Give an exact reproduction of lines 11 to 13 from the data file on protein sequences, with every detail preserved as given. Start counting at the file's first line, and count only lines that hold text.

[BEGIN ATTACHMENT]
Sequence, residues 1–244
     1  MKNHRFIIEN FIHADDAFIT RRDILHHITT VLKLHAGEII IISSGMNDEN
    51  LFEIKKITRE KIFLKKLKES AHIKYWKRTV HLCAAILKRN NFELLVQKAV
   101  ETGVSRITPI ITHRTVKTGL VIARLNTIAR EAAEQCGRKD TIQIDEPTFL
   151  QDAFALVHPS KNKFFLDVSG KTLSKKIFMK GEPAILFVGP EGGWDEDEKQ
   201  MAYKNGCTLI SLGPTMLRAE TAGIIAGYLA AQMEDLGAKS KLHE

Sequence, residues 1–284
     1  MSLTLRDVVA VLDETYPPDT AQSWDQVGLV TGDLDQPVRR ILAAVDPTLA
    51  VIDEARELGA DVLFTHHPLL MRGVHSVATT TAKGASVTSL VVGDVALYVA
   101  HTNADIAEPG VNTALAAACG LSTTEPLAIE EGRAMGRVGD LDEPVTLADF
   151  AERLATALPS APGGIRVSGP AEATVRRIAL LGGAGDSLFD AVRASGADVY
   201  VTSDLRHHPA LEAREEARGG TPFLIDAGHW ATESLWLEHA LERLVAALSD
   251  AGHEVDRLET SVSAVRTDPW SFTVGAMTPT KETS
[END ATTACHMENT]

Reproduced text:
   151  AERLATALPS APGGIRVSGP AEATVRRIAL LGGAGDSLFD AVRASGADVY
   201  VTSDLRHHPA LEAREEARGG TPFLIDAGHW ATESLWLEHA LERLVAALSD
   251  AGHEVDRLET SVSAVRTDPW SFTVGAMTPT KETS